Old 06-01-2009, 08:15 PM
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rcbif
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Default RE: Installing a Drive Tube

Do these stuffing tubes use rubber seals to keep out water? or grease and seals?
Old 06-01-2009, 08:51 PM
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Default RE: Installing a Drive Tube

Teflon tube inside of the brass to keep clearances fairly tight aeound the flex cable along with generous applications of marine grease is how I do it generally.
Make sure you anneal the brass tube so it's easier to put a bend into if needed.
HTH
Steve
Old 06-03-2009, 07:48 PM
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rcbif
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Default RE: Installing a Drive Tube

Should the motor be mounted at the COG? Was just wondering, cause the cog on my boat is a bit farther back than the build I'm following to build mine?
Old 06-03-2009, 09:40 PM
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Dan S
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Default RE: Installing a Drive Tube

have everything in your boat (empty fuel tank) but don't mount the engine.
than move the engine so you get your CG where you want it.
depending on hull and preference (this varies with everyone) anywhere between 30 and 35%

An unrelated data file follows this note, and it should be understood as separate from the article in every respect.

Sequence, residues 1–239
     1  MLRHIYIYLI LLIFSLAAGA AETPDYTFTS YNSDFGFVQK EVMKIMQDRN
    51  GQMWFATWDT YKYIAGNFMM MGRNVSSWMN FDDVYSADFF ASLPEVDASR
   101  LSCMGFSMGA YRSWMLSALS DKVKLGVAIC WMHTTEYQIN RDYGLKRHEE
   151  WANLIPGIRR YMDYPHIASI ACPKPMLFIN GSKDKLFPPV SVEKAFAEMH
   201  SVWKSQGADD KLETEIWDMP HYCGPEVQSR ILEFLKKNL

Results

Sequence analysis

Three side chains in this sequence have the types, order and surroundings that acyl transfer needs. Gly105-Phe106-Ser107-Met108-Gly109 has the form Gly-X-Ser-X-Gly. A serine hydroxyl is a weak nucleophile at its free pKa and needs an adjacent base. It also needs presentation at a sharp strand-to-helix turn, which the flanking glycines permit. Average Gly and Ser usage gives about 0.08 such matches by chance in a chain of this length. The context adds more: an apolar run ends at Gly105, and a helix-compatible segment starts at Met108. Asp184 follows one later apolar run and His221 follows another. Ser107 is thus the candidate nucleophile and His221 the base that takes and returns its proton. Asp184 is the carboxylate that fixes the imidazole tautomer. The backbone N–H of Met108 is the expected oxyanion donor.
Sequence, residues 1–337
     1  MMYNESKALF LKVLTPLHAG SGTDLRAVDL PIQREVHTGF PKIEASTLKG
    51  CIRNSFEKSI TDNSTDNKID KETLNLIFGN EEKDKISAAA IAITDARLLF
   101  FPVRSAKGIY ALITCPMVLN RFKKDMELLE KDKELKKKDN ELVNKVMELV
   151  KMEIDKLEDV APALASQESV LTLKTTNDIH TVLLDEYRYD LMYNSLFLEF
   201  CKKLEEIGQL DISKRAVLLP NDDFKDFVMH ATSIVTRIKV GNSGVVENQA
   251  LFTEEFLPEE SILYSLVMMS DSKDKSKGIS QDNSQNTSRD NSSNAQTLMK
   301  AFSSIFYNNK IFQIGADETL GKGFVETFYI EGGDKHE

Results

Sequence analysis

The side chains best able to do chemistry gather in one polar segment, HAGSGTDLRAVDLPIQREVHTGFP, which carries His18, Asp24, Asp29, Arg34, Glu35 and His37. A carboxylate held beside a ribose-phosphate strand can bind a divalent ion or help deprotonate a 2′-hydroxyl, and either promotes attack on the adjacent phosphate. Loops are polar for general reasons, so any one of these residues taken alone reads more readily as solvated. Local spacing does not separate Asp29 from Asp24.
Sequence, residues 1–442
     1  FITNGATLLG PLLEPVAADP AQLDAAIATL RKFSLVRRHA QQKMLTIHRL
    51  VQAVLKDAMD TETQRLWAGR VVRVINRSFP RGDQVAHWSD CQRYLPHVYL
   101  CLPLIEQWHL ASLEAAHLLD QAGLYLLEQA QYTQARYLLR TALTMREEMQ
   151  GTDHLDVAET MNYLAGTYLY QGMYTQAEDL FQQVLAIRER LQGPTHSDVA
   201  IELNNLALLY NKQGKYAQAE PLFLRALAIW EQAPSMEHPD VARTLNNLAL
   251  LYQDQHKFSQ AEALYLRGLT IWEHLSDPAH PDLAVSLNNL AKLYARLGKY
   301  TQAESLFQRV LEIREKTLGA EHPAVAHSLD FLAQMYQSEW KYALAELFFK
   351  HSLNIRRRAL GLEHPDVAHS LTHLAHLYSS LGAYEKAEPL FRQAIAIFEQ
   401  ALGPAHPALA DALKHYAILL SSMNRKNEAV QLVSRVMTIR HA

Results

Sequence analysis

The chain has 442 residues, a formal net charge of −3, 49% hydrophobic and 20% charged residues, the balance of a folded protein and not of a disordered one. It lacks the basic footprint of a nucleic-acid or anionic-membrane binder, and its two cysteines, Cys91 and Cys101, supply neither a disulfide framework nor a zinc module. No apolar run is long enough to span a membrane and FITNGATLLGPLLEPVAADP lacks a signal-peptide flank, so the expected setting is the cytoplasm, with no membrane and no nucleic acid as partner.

Dan.
Old 06-03-2009, 10:24 PM
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rcbif
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Default RE: Installing a Drive Tube

Thanks for the reply. I'm considering the aquacraft nitro hammer rudder, as no other ones are in stock, and I dont want to order elswhere to save on shipping. Is there is big diffrence between performance between an offset mounted rudder verses one mounted one in the center?

one I'm looking at, would probally have to use the bracket
http://www.aquacraftmodels.com/boats...6xxai02l-b.jpg
how done in thread I'm following
http://www.theoaks.ca/hullrear.jpg
Old 06-05-2009, 11:36 PM
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Default RE: Installing a Drive Tube


ORIGINAL: ghostofpf1

Teflon tube inside of the brass to keep clearances fairly tight aeound the flex cable along with generous applications of marine grease is how I do it generally.
Make sure you anneal the brass tube so it's easier to put a bend into if needed.
HTH
Steve
Steve,
The teflon tube in the stuffing box is something most builders have gotten away from. It has been proven that it actually causes more drag than running in the brass alone.
The biggest reason is that when the teflon gets a little thin or hot it will bind up around the shaft in a tight ball and make it lock up and twist off in the collet and be nearly if not completely impossible to get the flex shaft out.

Daniel
Old 06-11-2009, 08:56 PM
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rcbif
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Default RE: Installing a Drive Tube

My stuffing tube is in . Just have one more question. My transome is 1/8 thick. Some of the screws that came with the rudder, and turn fins are 1/4 long. Should I cut down the screws? let them stick through the other side? Or make anchor plate out of another peice of 1/8 ply to give the threads more wood to grab?
Old 06-12-2009, 06:32 AM